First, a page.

1. Please forgive me.
Better than “I’m sorry,” which can often be followed with an “if” or a “but,” these words indicate a humble heart. Bad pastors hide their faults behind the cloak of their authority, practice self-defense against all charges, and basically pretend. Good pastors know they’re sinners and admit it.
2. You’re right.
Good pastors know they’re not always (not usually?) the smartest, most “spiritual” person in the room. They are zealous to give credit and acknowledge achievement and intelligence, not just because it’s the right thing to do, but because it encourages and empowers others.
3. You’re wrong.
Bad pastors chicken out when it comes to calling people on sin or biblical ignorance. Good pastors brave potential conflict and hurt feelings and say “You’re wrong” in gentle but firm ways when necessary.
4. Jesus loves you.
Why did we stop saying this? I think because it became cliché. I’d love to see a recovery of the art of “Jesus loves you.” Strategically said at times of others’ admissions of failure, sin, or trouble, “Jesus loves you” is a fantastic way to speak the gospel into people’s lives.
5. I love you.
I think one reason we stopped saying, “Jesus loves you” to people is because we don’t really love them ourselves. Might as well save the hypocrisy, eh? But good pastors lay their lives down for the sheep. Telling people you love them is a reminder to them and to you that sacrificial love is your calling.
6. Me, too.
Next to “Grace is true” (see below), these might be the most important words in pastoral counseling. Bad pastors trade regularly in “Not me.” In the pulpit and in the office, bad pastors set themselves apart from their congregations with tales of adventure, spirituality, and personal holiness. In the pulpit and in the office, good pastors talk of sin and trials and utter ineptitude and say, “Me, too.” I have seen entire countenances change when I’ve said some variation of “Me, too.”
7. Any time.
Of course, you don’t mean it literally. But you kind of do. Good pastors are available.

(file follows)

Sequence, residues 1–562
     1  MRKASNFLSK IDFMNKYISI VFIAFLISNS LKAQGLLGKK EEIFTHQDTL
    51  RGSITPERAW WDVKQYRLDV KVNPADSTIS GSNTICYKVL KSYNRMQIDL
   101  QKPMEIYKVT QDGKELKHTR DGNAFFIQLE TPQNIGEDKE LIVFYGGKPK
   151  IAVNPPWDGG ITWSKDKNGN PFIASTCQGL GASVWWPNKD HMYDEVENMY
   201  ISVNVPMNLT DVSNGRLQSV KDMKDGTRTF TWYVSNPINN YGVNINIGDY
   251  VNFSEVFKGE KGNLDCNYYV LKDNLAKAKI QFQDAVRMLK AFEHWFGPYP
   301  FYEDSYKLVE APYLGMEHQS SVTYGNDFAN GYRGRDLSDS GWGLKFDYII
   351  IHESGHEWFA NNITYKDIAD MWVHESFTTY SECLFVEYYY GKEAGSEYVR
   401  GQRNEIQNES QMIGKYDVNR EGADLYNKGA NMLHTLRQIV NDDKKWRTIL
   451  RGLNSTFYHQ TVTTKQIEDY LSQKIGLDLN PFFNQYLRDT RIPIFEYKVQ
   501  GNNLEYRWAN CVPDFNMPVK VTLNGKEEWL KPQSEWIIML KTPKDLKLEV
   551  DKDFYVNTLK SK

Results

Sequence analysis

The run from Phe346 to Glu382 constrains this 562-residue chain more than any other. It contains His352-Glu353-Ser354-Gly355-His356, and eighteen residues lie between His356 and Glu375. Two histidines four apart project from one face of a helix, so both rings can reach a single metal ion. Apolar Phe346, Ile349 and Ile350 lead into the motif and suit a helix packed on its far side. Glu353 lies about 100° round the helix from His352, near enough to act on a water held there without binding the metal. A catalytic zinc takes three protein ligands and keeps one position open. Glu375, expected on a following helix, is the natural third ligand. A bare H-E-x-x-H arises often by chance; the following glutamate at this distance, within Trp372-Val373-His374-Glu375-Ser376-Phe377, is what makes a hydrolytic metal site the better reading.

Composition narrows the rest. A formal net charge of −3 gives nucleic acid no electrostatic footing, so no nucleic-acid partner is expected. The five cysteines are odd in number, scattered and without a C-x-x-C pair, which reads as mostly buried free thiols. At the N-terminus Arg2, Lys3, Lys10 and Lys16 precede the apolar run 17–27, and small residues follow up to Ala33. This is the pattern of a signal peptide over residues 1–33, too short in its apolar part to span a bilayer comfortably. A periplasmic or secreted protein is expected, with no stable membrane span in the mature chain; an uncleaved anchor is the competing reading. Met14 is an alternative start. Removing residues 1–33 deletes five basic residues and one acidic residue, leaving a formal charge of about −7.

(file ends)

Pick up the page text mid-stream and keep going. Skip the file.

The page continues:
8. Thank you.
Bad pastors think they’re owed. Good pastors know everything is a gift.
9. Grace is true.
I think deep down we all want to hear, “You’re approved” (see below), which is why we find “Grace is true” such a radical statement. You probably won’t use the words, of course. But good pastors take the opportunity to glorify God by “talking up” his amazing grace every chance they get. Just 30 minutes ago, my writing of this post got interrupted by a visitor who wanted to talk about works and grace. I relished the chance to confirm his suspicion that grace is true. Bad pastors may say grace is true, but the context of their teaching and the expectations in their leadership say, “Your works must be this high to ride this ride.” I know some of my friends hate it when “gospel” is used as a verb, but I just have to say it: Good pastors gospel their people. 🙂
10. You’re approved.
Everyone wants to believe they have what it takes, which is why it’s such a bummer to hear the first half of the gospel and learn we really don’t. Don’t leave your people hanging. Be a good news pastor. Bad pastors beat their people up with their failures. Bad pastors are always disappointed. Good pastors know grace is true and Jesus is Lord, so they are ready to challenge every self-despairing soul with the wonderful truth that in Christ we are approved by God. Good pastors tell people they do have what it takes when they have Jesus’ righteousness. Do you trust Jesus? You’re all set, then.